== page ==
Do you find the crowd overwhelming when you’re performing?
People often ask me “Do you still get nervous?”, and I’m like, yeah. [laughs] Definitely not as much as I used to! Very early on I used to seriously think I was going to be sick. Where as now I think generally it’s not overwhelming, it’s usually really exciting! When you’re playing a big venue, even if it’s not necessarily a big venue in numbers, but a beautiful venue like The Enmore, or somewhere that you’ve been really wanting to play. You’ve seen other bands there so you’re really excited to play there. It’s not overwhelming, like “oh I feel sick, I’m so nervous”, it’s really exciting! We’ve done a few shows over in America when we were touring with City and Colour that were really, really big and it felt like by the time we went on (because we were the only support) it was pretty much already full. I think I found that a little more overwhelming being in another country and playing to such a big crowd.
What’s been your craziest fan encounter?
Hmmm… Not too many crazy stories. It wasn’t a crazy thing, this was really nice so I don’t want it to seem like it was crazy! It’s always so nice when you know somebody’s obviously a really big fan! We’ve had a couple of people come up and show us tattoos they’ve got of our lyrics, or stuff like that. I remember in America [laughs], some guy had made me this amazing paper rose out of gold paper, he was there for City and Colour but he had been following our music for ages. He came up to me after the show and gave me this rose he’d made for me the day before, and it’s little things like that that are so awesome to think that somebody would go to the effort to make something for me! I don’t know, it’s just like “what? that’s so weird”, but it’s so lovely. We always love getting the opportunity to chat to people after the show and actually get to meet people and ask them about themselves. Yeah, we love doing that.
So out of all the shows you’ve played, which do you think would be your favourite. That’s if you can choose [laughs]?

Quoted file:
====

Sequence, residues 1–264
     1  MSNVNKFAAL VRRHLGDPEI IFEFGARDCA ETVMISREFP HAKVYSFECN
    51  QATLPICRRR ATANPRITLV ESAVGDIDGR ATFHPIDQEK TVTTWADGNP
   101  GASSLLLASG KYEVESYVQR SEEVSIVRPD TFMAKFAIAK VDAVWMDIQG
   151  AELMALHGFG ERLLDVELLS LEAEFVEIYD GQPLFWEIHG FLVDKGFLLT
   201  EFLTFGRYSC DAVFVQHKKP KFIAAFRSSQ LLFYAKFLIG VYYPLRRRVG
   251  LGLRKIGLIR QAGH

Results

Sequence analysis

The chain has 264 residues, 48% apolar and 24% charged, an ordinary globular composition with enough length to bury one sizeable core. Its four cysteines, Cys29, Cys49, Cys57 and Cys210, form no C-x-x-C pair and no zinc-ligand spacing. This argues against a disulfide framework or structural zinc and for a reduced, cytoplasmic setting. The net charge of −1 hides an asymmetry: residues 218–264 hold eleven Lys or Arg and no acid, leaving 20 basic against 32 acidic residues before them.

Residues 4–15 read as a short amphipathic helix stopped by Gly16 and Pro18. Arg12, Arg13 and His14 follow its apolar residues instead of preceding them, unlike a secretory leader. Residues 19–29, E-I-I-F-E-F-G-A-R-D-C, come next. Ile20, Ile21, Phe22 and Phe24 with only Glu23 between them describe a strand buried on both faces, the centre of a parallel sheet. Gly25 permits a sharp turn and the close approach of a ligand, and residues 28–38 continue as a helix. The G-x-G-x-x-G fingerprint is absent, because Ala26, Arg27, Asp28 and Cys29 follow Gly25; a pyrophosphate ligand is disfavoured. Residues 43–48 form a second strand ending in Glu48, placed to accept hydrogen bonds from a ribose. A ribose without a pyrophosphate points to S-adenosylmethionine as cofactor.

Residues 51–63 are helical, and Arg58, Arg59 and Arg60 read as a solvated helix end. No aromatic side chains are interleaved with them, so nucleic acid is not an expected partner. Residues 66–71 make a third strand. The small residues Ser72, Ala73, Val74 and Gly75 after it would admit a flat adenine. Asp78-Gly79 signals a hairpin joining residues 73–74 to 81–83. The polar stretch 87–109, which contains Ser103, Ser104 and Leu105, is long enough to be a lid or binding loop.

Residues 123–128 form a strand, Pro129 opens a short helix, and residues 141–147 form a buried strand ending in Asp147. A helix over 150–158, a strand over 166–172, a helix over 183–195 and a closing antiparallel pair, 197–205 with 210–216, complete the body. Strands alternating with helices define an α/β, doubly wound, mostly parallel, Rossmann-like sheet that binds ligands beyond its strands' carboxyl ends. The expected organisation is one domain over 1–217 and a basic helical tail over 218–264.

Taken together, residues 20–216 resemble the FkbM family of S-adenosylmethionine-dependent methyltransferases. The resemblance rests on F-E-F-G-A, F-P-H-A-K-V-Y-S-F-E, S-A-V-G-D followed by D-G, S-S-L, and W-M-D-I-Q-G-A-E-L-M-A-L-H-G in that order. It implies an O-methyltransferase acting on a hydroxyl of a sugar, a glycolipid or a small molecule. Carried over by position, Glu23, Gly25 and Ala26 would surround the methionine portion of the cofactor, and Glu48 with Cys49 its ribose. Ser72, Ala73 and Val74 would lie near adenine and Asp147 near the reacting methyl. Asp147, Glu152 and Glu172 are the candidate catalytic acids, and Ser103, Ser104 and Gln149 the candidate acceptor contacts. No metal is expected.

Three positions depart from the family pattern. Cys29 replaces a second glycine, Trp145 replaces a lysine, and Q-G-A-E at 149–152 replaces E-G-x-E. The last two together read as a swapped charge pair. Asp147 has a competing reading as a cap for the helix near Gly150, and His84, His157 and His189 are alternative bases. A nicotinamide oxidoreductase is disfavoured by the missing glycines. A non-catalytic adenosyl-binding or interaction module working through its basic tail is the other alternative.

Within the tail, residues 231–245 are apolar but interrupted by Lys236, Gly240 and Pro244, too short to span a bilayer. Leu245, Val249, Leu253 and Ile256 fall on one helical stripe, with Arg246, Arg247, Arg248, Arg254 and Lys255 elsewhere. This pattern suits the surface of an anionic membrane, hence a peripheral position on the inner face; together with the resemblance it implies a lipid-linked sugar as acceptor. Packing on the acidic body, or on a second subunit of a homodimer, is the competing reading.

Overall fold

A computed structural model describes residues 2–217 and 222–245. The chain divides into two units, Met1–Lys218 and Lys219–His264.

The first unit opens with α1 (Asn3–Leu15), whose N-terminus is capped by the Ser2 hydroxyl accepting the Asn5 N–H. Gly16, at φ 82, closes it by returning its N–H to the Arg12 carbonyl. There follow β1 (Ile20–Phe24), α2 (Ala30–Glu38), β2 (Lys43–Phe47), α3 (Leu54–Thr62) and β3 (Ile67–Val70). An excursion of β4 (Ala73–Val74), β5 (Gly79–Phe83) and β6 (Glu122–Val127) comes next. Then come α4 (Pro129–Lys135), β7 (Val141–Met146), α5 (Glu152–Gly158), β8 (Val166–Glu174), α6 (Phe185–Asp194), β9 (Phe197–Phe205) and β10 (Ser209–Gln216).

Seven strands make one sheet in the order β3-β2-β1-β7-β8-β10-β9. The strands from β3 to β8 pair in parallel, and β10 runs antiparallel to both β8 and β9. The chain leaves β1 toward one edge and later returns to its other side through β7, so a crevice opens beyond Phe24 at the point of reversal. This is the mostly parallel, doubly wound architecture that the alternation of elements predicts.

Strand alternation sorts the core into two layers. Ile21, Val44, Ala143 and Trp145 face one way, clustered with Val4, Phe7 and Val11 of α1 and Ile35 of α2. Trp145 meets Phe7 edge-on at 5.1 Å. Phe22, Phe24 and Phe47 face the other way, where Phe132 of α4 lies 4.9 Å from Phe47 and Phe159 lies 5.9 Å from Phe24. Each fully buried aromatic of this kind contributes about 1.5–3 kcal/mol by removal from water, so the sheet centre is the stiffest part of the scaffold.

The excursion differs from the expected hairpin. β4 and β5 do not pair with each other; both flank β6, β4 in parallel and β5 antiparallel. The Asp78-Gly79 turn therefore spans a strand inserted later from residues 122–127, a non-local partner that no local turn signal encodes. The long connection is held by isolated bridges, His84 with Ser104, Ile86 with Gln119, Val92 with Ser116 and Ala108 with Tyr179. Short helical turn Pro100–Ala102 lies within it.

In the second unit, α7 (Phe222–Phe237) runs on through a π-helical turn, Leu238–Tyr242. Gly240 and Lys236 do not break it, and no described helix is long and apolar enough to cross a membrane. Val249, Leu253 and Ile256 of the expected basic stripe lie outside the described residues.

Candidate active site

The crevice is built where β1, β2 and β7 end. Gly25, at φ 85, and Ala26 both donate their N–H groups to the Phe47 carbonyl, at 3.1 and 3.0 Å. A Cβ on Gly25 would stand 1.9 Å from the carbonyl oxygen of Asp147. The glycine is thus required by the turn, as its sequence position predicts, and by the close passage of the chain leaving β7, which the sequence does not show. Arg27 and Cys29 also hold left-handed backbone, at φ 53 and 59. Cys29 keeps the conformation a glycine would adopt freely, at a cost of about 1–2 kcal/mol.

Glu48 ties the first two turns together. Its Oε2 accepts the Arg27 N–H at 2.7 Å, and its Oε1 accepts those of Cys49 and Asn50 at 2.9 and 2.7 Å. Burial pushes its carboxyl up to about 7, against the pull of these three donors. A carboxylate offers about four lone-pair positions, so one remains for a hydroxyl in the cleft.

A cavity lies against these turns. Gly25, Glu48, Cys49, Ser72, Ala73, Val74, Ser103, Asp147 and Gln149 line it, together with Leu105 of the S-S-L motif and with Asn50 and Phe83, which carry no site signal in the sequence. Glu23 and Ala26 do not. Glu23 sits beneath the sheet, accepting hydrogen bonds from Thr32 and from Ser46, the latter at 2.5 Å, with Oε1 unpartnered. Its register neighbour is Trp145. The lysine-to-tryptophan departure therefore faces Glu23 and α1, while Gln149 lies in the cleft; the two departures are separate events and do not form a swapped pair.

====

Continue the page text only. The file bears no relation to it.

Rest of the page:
Yeah, that’s a really hard question! [laughs]. Hmmm. Uhh. I think, yeah. I don’t know! [laughs] It would probably be one of the shows that we’ve done over in America, maybe. I have to say I can’t pick one favourite because there are so many awesome shows that we’ve had, and they’re all kind of great for different reasons! I remember in San Francisco, in America, we’d just finished the tour with City and Colour and this was the start of our own headlining shows over there. It was the very first show of our own headline tour, we had no idea how many people were going to come. I mean we had sold a decent amount of tickets, but we didn’t really know how many people were going to come and it ended up selling out! The crowd was just so awesome, and so enthusiastic. They were just so happy to be there, and we were so happy to be there! It was such an awesome experience because we had no idea what to expect, and it ended up exceeding our expectations ridiculously! It was kind of like this big test – the first show that we weren’t riding on the backs of somebody else. We were the headliners, so people were coming to see us! To fill up a room and have people be so attentive and so happy to have us there, we were just so excited to be there. So that was definitely a highlight!
How is it different performing your own headlining shows, in comparison to supporting City and Colour on tour?